Relating to the content of certificates of the successful vaccination of Montenegrin citizens, the Centre for Civic Education (CCE) expresses doubts about the regularity of these certificates and their validity outside the borders of Montenegro and calls on the Ministry of Health to approach this process systematically, professionally and dedicatedly. The CCE has already expressed concern about the inexplicably slow vaccination process so far, while additional information indicates that, even at such a slow pace, the process has numerous deficiencies. This also raises doubts about the capacity of the competent Ministry of Health to complete this important process validly.
Namely, the review of the vaccination certificate, issued by the institutions administering immunizations in Montenegro, shows that these documents are not stamped and signed, and it is not noted that they are valid without stamps and signatures. Although the primary goal of immunization is the protection of citizens’ health and combating the coronavirus pandemic, it is indisputable that immunization should also contribute to the functioning of the economy and other social activities. This, inter alia, includes the need of citizens to move outside the borders of Montenegro, both due to business and private obligations, without jeopardizing their own or other people’s health. However, Montenegrin citizens who got vaccinated in Montenegro so far have received unverified certificates with incomplete data and made exclusively in the Montenegrin language.
CCE notes that, with the National Strategy for the Introduction, Distribution and Deployment of Covid-19 Vaccines in Montenegro, this Ministry of Health specified the appearance and content of these certificates to serve as an identification document that facilitates access to certain healthcare services and meeting other needs and requirements – education, travel, use of vacation, collective accommodation, etc. Also, the Strategy specifies that the design must be in line with the basic principles of the Strategy for the Communication Campaign and fit into the visual and other segments of the campaign. However, today’s appearance of the certificate is far from planned both in content and design, and the campaign had barely begun.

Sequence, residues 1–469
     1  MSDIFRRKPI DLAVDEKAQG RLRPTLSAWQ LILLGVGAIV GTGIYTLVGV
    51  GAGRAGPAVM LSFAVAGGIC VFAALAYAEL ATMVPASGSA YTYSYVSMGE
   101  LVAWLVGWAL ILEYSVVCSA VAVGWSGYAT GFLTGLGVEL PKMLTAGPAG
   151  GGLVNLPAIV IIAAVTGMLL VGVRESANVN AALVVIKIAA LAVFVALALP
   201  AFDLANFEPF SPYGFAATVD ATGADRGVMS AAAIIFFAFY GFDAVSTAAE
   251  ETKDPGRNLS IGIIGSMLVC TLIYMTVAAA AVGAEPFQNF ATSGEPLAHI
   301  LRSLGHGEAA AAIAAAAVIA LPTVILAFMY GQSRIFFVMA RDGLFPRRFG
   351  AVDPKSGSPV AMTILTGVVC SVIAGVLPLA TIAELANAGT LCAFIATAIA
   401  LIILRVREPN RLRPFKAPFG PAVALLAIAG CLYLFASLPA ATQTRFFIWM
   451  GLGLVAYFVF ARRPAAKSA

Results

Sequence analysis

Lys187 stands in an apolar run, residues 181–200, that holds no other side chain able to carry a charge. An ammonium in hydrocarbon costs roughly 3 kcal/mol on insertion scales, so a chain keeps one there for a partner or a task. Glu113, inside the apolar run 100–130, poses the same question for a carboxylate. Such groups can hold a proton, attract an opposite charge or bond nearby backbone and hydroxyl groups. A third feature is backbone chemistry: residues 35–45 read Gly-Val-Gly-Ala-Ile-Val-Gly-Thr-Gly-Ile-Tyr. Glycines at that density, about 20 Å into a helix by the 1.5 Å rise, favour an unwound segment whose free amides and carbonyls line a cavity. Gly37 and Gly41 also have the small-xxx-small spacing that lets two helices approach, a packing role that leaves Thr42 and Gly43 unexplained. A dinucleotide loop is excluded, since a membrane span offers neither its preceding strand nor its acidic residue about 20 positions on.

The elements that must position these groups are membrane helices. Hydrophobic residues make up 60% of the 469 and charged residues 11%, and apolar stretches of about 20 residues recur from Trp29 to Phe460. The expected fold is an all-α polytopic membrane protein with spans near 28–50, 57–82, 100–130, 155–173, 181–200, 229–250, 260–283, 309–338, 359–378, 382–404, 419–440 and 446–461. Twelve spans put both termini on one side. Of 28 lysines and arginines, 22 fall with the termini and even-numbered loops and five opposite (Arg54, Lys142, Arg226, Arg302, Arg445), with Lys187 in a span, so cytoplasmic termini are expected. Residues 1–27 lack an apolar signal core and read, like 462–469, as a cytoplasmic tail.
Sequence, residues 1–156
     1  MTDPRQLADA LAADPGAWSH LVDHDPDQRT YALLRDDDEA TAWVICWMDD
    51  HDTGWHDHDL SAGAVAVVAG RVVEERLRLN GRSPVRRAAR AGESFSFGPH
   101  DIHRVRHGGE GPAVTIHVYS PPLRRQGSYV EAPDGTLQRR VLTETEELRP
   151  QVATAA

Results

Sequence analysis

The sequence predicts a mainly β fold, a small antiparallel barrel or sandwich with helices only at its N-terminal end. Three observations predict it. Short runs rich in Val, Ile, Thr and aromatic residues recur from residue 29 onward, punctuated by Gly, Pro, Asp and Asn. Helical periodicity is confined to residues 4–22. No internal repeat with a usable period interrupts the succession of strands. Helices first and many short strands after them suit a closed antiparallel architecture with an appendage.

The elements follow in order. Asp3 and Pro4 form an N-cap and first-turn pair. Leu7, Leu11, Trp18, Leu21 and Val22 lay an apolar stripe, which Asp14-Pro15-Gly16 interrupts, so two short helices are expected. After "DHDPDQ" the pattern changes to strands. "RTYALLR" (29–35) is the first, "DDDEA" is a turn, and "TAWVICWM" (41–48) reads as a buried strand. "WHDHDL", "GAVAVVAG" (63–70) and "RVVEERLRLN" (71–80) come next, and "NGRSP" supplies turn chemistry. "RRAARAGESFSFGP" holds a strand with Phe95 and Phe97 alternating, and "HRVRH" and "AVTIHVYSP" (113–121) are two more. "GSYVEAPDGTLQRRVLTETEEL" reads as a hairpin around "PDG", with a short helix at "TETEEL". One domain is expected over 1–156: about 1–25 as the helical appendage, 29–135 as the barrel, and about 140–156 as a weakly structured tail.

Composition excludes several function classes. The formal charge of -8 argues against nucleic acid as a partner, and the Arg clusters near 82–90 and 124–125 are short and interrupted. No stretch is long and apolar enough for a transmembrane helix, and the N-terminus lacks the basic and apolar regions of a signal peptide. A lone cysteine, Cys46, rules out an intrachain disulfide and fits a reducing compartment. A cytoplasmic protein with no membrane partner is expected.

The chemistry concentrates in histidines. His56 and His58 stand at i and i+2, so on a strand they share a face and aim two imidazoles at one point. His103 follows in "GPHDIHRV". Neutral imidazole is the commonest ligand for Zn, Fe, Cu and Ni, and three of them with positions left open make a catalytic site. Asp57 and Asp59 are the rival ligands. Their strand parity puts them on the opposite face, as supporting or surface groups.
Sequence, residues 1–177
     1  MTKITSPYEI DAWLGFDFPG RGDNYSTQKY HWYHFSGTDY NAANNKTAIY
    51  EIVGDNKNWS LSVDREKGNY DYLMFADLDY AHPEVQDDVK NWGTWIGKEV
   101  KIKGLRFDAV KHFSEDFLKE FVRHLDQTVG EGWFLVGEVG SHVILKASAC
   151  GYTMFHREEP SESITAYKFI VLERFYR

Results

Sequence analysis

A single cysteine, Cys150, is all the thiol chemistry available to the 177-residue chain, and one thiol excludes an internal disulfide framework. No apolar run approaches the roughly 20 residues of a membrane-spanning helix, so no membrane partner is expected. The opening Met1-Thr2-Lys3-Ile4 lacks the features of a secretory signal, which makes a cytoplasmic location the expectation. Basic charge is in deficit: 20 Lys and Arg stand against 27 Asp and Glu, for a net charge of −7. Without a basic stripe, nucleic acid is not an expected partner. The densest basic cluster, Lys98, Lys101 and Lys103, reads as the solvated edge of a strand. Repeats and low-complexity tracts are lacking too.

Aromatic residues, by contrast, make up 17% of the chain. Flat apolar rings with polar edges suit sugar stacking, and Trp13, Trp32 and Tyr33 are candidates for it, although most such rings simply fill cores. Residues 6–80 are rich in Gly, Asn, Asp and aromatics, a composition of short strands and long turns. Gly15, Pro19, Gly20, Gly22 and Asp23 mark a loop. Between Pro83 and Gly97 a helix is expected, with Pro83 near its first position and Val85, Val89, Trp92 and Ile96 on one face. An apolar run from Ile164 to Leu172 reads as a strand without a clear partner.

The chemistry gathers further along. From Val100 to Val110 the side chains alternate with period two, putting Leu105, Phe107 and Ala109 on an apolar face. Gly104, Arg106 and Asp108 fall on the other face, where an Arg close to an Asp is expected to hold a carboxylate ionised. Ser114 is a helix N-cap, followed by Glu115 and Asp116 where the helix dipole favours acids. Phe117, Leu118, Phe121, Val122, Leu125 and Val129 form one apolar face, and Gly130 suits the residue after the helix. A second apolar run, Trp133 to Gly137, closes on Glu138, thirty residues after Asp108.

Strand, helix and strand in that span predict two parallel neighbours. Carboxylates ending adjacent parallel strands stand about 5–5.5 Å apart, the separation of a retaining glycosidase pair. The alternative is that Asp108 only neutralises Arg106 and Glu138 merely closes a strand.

Attention must be paid to protection against counterfeiting, which has been neglected and opens space for numerous abuses. The Strategy envisages the use of QR (Quick Response) codes that would enable data collection, and the networking of the card with the COVID Vaccine Certificate, which is also omitted.
This indicates that the Ministry of Health does not apply its documents and, given that this is an issue of public importance, it is necessary to determine the specific and objective responsibility of employees and officials in the Ministry of Health.
In the immediate neighbourhood, in the countries where the immunization process has started, these procedures are followed and persons who have been vaccinated against COVID-19 receive bilingual certificates (in the language of the issuing country and English) with accompanying elements of their validity. For example, this is the case with certificates from neighbouring Serbia, with a note that immunization in Serbia is very efficient, with a well-designed campaign in which prominent individuals participate, with the provision of certificates that can be used outside the borders of Serbia.
CCE again urges the Government of Montenegro and the Ministry of Health to rationally spend resources and to prioritize adequate health crisis management, whose one of the most important segments is the purchase of vaccines and effective immunization, instead of dealing with duties of other investigative bodies and political-party staffing and tactics. Finally, it is necessary to empower multi-sectoral cooperation and strengthen professional capacities as soon as possible, because the Ministry of Health, with all its human, logistical and infrastructural resources, cannot fully carry out this process on its own, and the price for that is paid by all citizens.
Tamara Milaš, Human Rights Programme Coordinator